The outstanding organizational abilities and skills acquired in Edinstvo enabled Shishkin to seize control over “a significant part of the construction business” in Moscow and appropriate his primary asset – Amurmetal Holding. But it is not sufficient to lay hands on a huge city-forming enterprise – it is necessary to manage it somehow, which is much more difficult. Shishkin became a food technologist only at the age of 36. Should he get a sausage factory or bakery, he could be of benefit to the Khabarovsk krai. But what can a food technologist do with ferrous metals?
Therefore, Shishkin had to remember lessons learned from Podatev. Incompetent and grabbing management practices caused predictable results: in 2006, the name of the Amurmetal owner and indebtedness of the enterprise became known to the public. The majority of its debts were loans guzzled away by Shishkin. His growing appetites are reflected in the Deputy's declarations showing increasingly expensive Ferrari cars and apartments. After spending the money, Shishkin decided to draw the public attention away from the suspicious combination of his Deputy's mandate and business activities and asked for financial aid to save the plant plundered by him.
The hungry food technologist has personally asked the President for help. Vnesheconombank granted him a loan in the amount of 5 billion rubles ($77.5 million) in exchange for 100% of Amurmetal shares, while the team led by Shishkin retained the reins of power at the enterprise. Then Sergei Khokhlov, ex-Director of Amurmetal, adopted the ‘food practices’ used by his boss and announced that the funds had been guzzled away. Why was the discredited management team left in power with 5 billion rubles ($77.5 million)? This is another puzzle to be solved by the investigation.
Adventures of Ital’yanets in Russia and Ukraine
However, Shishkin had no intention to give up the enterprise. There is an indirect – although official – evidence of this: the Order of the Federal Customs Service № 1514 of December 2, 2008 On Declaration Locations for Certain Categories of Goods. The order permits the export of ferrous metals to countries of the Asia Pacific Region only via Petropavlovsk-Kamchatsky and Krasnoyarsk. It resulted in huge lines at the customs stations, growth of production costs, and cargo storage issues – that have effectively decimated the medium metallurgical business.
Who could be the beneficiary of this order? Of course, somebody willing to buy raw materials for next to nothing and become the monopolist in the Russian Far East. This person had to have sufficient administrative resource and use predatory merger techniques. Amurmetal was named the primary beneficiary of this document even before its enactment. The Order of the Federal Customs Service № 1514 ceased to be in effect as early as in 2009. But this period was sufficient for Shishkin to guzzle away billions of rubles and consume competitors.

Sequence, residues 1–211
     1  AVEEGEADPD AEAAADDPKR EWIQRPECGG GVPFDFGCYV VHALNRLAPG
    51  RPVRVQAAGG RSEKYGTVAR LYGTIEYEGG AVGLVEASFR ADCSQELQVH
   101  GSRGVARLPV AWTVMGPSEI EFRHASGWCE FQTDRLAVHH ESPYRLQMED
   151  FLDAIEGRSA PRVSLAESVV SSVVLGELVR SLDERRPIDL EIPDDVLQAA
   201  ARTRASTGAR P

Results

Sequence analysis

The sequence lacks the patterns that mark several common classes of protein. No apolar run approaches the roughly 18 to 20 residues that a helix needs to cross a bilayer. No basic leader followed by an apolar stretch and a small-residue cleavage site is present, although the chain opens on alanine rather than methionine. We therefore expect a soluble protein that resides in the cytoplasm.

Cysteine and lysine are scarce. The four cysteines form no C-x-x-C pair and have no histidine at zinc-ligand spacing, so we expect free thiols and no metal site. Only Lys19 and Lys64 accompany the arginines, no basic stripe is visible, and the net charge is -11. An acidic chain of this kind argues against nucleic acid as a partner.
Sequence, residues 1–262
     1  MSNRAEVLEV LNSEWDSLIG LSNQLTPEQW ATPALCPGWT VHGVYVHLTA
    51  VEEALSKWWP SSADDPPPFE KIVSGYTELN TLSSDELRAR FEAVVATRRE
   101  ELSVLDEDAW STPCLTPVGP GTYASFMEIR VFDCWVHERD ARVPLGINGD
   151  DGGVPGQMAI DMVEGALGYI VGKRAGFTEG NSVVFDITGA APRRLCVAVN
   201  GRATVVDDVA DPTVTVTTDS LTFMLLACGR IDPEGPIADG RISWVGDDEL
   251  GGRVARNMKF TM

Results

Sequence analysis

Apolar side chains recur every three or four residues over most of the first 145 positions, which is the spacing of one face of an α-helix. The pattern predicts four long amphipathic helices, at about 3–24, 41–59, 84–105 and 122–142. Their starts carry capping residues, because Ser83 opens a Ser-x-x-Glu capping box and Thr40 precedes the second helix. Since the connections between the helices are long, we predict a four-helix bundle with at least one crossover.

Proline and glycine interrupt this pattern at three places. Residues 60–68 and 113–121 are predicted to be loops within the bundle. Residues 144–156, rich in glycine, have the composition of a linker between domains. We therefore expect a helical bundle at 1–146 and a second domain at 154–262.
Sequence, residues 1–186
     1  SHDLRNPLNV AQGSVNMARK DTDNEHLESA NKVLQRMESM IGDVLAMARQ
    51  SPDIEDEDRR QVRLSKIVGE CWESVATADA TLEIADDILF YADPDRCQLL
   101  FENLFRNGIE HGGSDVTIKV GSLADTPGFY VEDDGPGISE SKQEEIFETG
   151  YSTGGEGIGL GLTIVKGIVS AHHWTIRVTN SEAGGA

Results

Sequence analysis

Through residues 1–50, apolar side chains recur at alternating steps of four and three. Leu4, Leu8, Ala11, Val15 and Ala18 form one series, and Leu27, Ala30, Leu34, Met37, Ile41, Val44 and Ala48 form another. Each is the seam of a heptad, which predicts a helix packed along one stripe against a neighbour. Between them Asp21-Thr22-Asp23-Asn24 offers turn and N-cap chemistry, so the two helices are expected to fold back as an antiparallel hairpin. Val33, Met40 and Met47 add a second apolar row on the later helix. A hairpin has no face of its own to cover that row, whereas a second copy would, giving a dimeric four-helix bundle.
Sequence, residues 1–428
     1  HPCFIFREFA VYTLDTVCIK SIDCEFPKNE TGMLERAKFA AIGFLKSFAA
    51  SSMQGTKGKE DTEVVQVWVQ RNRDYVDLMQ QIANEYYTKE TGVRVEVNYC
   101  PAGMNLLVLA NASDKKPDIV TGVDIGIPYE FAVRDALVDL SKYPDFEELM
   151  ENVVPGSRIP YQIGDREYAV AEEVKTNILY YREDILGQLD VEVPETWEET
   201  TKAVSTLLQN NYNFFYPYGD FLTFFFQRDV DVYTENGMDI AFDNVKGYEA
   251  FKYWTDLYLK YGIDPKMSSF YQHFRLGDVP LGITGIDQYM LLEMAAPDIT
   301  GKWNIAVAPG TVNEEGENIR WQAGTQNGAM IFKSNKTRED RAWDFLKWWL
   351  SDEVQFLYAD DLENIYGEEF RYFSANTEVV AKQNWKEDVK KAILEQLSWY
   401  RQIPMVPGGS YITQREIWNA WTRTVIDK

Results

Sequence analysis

In 2013, after swallowing Amurmetal, Aleksander Shishkin relocated to the Council of the Federation. Surprisingly, but the Senator has considerably improved his legal skills there – although still abstained from handing his assets over under trust management. Jointly with another successful businessman – Mukhtar Ablyazov, who had stolen $5 billion from Kazakhstan-based BTA Bank, – Shishkin managed to outsmart the British judicial system. Ablyazov was actively laundering the embezzled funds – for instance, he has built a pharmaceutical plant in Borispol. Too bad, the businessman was unable to sell it because the British court had frozen his assets. But Ital’yanets came to help the Kazakh entrepreneur.
Eurasia Finance belonging to Ablyazov and a Cyprus-based offshore company belonging to Shishkin have jointly established Pharmex Group. Eurasia Finance transferred the pharmaceutical plant in Borispol to Pharmex Group as its share in the charter capital – and then was liquidated. As a result, Shishkin became the 100% owner of Pharmex Group (i.e. the plant in Borispol). For his smartness, Shishkin was awarded in Ukraine the title of an Honorary Citizen of Kharkiv – this happened in the midst of the ‘Crimean spring’. Unfortunately, the achievements of Shishkin haven’t been duly appreciated in Russia yet. But the investigators still have some time – up until the departure of Senator Ozerov from the building on Bolshaya Dmitrovka street.